U.S. Senator Tammy Baldwin Introduces Amendment to Oppose Legislation that Would Make Young Americans Sick Again
Amendment to budget resolution would protect the Affordable Care Act reform that allows young people to stay on their parents’ health plan until age 26
WASHINGTON, D.C. – Today, U.S. Senator Tammy Baldwin introduced an amendment to protect the Affordable Care Act’s benefits for young adults, including the reform that allows young people to stay on their parents’ health plan until age 26.
“As someone who didn’t have access to quality health insurance until my twenties, I was proud to champion this reform that allows young people to stay on their parents’ insurance until age 26 during my time in the House of Representatives,” said Senator Baldwin. “The people of Wisconsin did not send me to Washington to take their health care away or make young people sick again. These young adults are our next generation of leaders, so I will continue to fight to prevent Republicans from jeopardizing our country’s economic future by robbing them of affordable health care.”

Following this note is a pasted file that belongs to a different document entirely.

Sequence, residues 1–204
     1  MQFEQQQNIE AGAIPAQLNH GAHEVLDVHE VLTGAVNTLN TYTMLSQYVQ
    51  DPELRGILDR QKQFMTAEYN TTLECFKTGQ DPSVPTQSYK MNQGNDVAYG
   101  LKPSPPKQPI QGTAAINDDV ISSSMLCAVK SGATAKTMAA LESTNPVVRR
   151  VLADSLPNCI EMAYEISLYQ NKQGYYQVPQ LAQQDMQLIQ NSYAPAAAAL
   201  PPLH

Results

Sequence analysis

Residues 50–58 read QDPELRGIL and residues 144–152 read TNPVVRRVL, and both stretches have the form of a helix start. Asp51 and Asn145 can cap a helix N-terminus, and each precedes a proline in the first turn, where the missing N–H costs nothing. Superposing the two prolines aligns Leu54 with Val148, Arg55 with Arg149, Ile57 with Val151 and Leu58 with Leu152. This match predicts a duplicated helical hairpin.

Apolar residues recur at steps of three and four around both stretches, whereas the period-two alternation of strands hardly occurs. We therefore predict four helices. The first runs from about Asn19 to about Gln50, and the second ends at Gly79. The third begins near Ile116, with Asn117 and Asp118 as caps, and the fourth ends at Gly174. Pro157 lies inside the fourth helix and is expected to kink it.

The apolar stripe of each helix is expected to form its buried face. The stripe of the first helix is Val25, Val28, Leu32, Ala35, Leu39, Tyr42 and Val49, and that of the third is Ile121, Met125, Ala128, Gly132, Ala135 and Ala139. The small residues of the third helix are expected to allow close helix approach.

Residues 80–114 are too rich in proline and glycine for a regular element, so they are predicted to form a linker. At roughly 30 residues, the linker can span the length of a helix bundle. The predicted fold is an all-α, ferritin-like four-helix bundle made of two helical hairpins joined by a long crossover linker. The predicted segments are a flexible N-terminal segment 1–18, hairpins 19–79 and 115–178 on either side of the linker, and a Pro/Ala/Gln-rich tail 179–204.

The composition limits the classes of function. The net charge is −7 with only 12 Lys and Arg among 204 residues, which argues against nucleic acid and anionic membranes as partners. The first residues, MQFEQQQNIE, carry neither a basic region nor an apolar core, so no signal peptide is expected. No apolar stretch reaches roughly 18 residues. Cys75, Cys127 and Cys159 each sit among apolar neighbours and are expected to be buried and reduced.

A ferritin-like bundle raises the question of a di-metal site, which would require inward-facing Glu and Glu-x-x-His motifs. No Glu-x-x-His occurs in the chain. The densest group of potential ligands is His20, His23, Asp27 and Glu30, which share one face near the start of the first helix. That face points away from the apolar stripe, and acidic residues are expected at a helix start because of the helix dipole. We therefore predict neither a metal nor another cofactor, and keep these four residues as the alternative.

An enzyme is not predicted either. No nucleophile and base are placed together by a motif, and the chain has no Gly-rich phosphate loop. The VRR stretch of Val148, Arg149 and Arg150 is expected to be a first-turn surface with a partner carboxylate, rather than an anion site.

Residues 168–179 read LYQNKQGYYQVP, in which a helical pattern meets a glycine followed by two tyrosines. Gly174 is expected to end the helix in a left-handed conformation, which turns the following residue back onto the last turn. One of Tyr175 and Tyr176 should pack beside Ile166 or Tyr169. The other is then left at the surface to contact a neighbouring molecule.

The Baldwin amendment is cosponsored by Senators Chris Van Hollen (D-MD), Debbie Stabenow (D-MI), Cory Booker (D-NJ), Angus King (I-ME), Sherrod Brown (D-OH), Chris Coons (D-DE), Al Franken (D-MN), Amy Klobuchar (D-MN), Ron Wyden (D-OR), Jeanne Shaheen (D-NH), Kirsten Gillibrand (D-NY), and Elizabeth Warren (D-MA).
Specifically, the Baldwin amendment would create a point of order against legislation that would reduce the number of young Americans enrolled in public or private health insurance, weaken dependent coverage of children up to age 26 under the Affordable Care Act and weaken access to care by increasing premiums or out-of-pocket costs for young Americans.
An estimated 6.1 million young adults have gained health insurance coverage under the Affordable Care Act because of the law’s benefit allowing children to stay on their parents’ health plan, as well as the other important benefits and health insurance market protections, including premium tax credits and cost-sharing assistance. The health law also strengthens coverage for our most vulnerable youth by allowing the more than 20,000 foster care youth who age out each year to stay enrolled in Medicaid until the age of 26.
A copy of the amendment is available here.
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